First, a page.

Indeed, half of the main message to young people (and everyone else) should be that honestly earned wealth is great, because that means (as Walter Williams sagely observed) someone accumulated lots of money by serving the needs of others.

And the other half of the main message is that it’s bad to have rich people who obtain loot with subsidies, handouts, protectionism, and other forms of cronyism.

P.S. Before giving up and wondering if young people are simply too stupid to vote, watch this video showing that young people reject socialism when they understand the implications.

We have a Rescue Dog. Meet Carmen

The Next Chapter in the American Story

SOTA Mountain Goat Achieved! from http://www.hamblog.co.uk/

 After six years of trying to climb everything within my reach, I’ve finally done it. I achieved SOTA Mountain Goat status.

In September we visited the Lake District for a holiday (before lockdown 2) and as usual did a lot of walking up to the various peaks in this region. I had four days to activate the 6 summits needed to make Mountain Goat in 2020. It’s not been a great year for SOTA, due to the COVID-19 lockdown across the world, but here I had a small window of possibility.

Driving up to Lake District I had 941 activator points, so me and my wife knew we’d have a lot of walking and multi-day summits to get the remaining 59 points and tip the scales in my favor. But, after reviewing some walking routes passing multiple summits in a day, we worked out it was possible, but still a good challenge.

Here’s my activator log over 5 days (including 1 rest day – enforced, very strong winds and rain!):

DateSummitSummit PointsTotal Points
19/09/2020G/LD-007 (Fairfield)8949
19/09/2020G/LD-010 (St Sunday Crag)8957
19/09/2020G/LD-022 (Seat Sandal)6963
20/09/2020G/LD-009 (Grasmoor)8971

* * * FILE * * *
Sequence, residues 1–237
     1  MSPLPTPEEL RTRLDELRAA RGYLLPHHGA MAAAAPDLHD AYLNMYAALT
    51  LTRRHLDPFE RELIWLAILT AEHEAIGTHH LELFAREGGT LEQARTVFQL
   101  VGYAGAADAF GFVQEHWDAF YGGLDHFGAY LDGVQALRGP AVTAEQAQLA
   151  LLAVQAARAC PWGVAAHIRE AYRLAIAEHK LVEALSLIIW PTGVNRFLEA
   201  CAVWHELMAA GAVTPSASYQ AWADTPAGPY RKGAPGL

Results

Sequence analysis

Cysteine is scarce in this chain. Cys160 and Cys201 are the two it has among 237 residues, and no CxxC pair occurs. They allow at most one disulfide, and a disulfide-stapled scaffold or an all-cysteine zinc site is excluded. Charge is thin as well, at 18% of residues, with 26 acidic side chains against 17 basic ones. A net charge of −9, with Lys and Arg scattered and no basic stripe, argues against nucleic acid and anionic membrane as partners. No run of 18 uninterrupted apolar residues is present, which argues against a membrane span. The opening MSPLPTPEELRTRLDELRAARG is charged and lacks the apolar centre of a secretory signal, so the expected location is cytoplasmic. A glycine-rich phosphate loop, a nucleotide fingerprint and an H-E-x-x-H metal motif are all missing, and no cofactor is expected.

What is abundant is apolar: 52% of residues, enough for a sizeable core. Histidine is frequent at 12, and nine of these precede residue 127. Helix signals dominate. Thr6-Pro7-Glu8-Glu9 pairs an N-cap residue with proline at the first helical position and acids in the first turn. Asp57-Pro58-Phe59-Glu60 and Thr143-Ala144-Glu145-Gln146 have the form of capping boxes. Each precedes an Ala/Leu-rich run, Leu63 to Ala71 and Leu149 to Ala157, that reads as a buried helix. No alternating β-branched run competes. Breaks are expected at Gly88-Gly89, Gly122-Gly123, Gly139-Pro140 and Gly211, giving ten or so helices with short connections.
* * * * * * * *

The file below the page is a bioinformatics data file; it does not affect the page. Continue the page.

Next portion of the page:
20/09/2020G/LD-015 (Grisedale Pike)6977
21/09/2020G/LD-006 (Pillar)8985
21/09/2020G/LD-014 (Kirk Fell)8993
23/09/2020G/LD-004 (Skiddaw)101003

As you can see my final summit was Skiddaw (G/LD-004, 10 points, 931m), the conditions were predictably awful (it usually is up there!), but it was a fun activation, with plenty of chasers calling in to congratulate me passing the milestone.

Here are some statistics about my road to mountain goat:

  • 6 years taken
  • 243 SOTA activations
  • 143 unique SOTA summits activated
  • 3,504 QSOs (thanks to the many chasers!)
  • Summits activated in:
    • 6 countries
    • 10 SOTA associations
    • 3 continents
SOTA Mountain Goat trophy

SOTA Mountain Goat trophy – hand carved in the Scottish Highlands!

I’ve had a lot of fun with SOTA over the past few years, it’s taken me to some crazy places which I wouldn’t have otherwise visited and has seen me operate in some conditions where you start to really question your sanity.

So what next? I don’t plan on stopping SOTA just because I’ve achieved Mountain Goat, there’s still so many summits left to activate. Some initial ideas include:

  • Achieve 1,000 activator points using VHF alone
  • Achieve 1,000 activator points through unique summits alone
  • Achieve 1,000 chaser points to get my Shack Sloth award (222 points to go)
  • Activate all English SOTA summits

Thanks to all the blog readers who have followed my SOTA (mis)adventures over the years and supported my endeavors. I do intend to continue blogging about the more interesting activations, so stay tuned!

 

Sunday, November 29, 2020

Radio Digital Modes.

Elecraft KX2 Settings for WSJT-X

Elecraft KX2 Side Panels - Ham Radio Armor

KX2 features 2

KX2 features

Elecraft KX2 : Receive Tips and Tweaks

Elecraft KX2 AM Mode reception demo

KX2 3D Model Tour By Wayne, N6KR

KX2 Introduction

‘YOU EITHER WENT TO WAR OR YOU DIDN’T’—HOW DEPLOYMENTS DIVIDE THE VETERAN COMMUNITY By Benjamin Abel